The prayer in the writ petition runs as follows:- "It is prayed that this Court may be pleased to issue a Writ of Declaration or any other appropriate Writ, order or direction in the nature of a Writ of Declaration declaring that the provisions of Chapter V of the Finance Act, 1994 and, in particular, Sections 66, 67(o) and Rule 2(1)(d)(ix) of the Service Tax Rules, 1994 and other provisions insofar as it relates to Kalyana Mandapams and Mandap-Keepers are illegal, ultra vires and unenforceable and liable to be struck down as unconstitutional and pass such further or other orders as this Court may deem fit and proper and thus render justice."

On 17.11.1999, the Additional Commissioner - Service Tax, issued Service Tax Notice No.4/99 whereby it was clarified that service tax would be levied on any open land/ground if the same is let out for organizing any official, social or business function, even if no accompanying/incidental services were rendered by the mandap-keeper to the clients hiring the open land/ground for any of the above-mentioned purposes.

After three years of the writ petition having been filed, respondents filed a common Counter Affidavit on 04.12.2000.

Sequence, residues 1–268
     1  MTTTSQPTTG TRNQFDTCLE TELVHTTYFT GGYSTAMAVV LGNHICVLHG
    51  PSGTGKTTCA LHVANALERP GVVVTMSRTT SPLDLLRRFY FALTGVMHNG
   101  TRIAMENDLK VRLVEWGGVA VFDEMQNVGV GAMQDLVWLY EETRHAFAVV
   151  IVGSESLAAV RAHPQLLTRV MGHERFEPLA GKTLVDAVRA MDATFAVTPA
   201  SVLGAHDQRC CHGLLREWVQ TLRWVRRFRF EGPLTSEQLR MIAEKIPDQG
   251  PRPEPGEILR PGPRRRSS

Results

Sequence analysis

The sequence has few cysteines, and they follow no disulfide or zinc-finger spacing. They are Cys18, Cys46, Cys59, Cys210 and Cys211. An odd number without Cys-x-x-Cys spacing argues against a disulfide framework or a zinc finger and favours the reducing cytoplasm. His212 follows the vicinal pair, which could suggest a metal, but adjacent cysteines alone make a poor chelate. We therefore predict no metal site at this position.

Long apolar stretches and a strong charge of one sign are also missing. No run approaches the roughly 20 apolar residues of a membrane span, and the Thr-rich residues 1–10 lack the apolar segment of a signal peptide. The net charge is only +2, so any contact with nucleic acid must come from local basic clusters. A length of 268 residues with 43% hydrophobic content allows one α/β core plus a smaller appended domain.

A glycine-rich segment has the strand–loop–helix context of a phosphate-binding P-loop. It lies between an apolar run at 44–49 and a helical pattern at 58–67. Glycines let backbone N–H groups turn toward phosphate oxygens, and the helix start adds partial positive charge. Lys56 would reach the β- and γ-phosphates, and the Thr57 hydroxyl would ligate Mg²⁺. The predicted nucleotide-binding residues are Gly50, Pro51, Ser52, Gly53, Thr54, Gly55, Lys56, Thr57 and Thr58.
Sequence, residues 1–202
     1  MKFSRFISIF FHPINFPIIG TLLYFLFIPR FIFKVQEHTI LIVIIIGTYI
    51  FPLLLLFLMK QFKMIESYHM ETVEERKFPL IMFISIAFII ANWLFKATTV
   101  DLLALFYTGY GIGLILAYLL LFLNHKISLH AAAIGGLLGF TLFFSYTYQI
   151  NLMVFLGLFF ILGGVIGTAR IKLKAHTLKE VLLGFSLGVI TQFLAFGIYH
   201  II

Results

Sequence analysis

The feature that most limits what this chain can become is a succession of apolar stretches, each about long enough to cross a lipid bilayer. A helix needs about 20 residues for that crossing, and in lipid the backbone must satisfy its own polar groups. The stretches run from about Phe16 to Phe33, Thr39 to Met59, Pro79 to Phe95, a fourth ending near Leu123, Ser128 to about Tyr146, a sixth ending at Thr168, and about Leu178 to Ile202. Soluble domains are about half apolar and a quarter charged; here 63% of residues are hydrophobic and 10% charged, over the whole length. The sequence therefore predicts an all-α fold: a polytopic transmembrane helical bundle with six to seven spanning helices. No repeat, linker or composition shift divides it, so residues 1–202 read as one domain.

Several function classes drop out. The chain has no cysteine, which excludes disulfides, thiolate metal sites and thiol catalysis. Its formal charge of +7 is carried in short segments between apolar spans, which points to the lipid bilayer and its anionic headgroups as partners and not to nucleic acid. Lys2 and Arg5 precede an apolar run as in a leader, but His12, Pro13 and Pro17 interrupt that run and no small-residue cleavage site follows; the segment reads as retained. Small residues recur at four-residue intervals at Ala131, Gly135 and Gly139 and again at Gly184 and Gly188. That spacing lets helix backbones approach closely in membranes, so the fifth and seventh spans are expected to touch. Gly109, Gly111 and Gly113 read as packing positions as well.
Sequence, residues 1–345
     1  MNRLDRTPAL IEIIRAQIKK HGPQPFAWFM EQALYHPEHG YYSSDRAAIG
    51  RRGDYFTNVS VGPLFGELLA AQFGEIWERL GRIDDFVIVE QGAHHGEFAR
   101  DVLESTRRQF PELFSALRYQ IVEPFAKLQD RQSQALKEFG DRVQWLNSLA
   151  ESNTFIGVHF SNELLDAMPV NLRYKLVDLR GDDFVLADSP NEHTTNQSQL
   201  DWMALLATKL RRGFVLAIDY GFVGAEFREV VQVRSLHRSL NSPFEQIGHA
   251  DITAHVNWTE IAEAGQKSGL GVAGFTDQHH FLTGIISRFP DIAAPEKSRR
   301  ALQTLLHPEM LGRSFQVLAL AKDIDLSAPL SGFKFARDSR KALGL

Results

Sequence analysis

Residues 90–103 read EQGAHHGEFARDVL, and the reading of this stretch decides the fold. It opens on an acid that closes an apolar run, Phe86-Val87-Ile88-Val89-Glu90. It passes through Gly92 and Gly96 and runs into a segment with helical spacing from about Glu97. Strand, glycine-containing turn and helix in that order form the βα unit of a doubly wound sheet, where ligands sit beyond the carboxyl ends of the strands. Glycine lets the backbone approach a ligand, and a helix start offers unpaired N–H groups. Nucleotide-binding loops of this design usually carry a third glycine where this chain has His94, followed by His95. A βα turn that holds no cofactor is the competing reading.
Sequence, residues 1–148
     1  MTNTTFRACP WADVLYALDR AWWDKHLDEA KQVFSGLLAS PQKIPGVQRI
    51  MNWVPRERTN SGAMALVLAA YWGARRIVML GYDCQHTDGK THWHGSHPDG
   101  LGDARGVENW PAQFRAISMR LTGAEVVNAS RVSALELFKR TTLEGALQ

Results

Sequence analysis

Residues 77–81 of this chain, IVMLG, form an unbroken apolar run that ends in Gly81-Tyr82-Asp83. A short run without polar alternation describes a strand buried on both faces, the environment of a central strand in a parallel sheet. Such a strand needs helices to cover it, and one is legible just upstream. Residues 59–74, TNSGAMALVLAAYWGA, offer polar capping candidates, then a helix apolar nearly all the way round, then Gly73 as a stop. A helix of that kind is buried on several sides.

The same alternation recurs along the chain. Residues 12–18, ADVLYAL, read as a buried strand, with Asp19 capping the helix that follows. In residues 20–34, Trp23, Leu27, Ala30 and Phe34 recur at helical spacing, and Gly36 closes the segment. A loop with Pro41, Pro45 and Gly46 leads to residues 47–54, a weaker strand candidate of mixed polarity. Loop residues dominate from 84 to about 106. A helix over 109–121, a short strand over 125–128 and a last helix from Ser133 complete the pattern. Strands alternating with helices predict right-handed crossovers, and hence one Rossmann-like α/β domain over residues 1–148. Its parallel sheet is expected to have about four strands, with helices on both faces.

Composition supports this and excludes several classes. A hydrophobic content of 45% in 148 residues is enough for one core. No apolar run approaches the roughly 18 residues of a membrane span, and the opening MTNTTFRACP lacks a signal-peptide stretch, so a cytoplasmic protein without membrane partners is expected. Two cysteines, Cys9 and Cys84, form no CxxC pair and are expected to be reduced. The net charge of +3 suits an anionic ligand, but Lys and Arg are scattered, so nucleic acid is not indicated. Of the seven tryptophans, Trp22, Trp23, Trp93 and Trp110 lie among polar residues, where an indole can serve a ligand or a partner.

The Division Bench of the High Court dismissed the batch of writ petitions including the writ petition filed by the appellant-Association herein vide order dated 30.04.2001.

Aggrieved against the dismissal of the writ petition, the present appeal was filed.

We heard the arguments of Mr. Mohan Parasaran, learned senior counsel assisted by Mr. Krishnamurthi Swami, learned counsel for the appellant and Mr. Jaideep Gupta, learned senior counsel assisted by Mr. K.C. Kaushik, learned counsel for the respondents.

Mr. Mohan Parasaran, learned senior counsel appearing for the appellant, submitted that

a) Service tax on the mandap-keepers is clearly a colourable legislation and unconstitutional as the said tax is not on services but is in pith and substance only a tax on 'goods' and/or 'land'. ;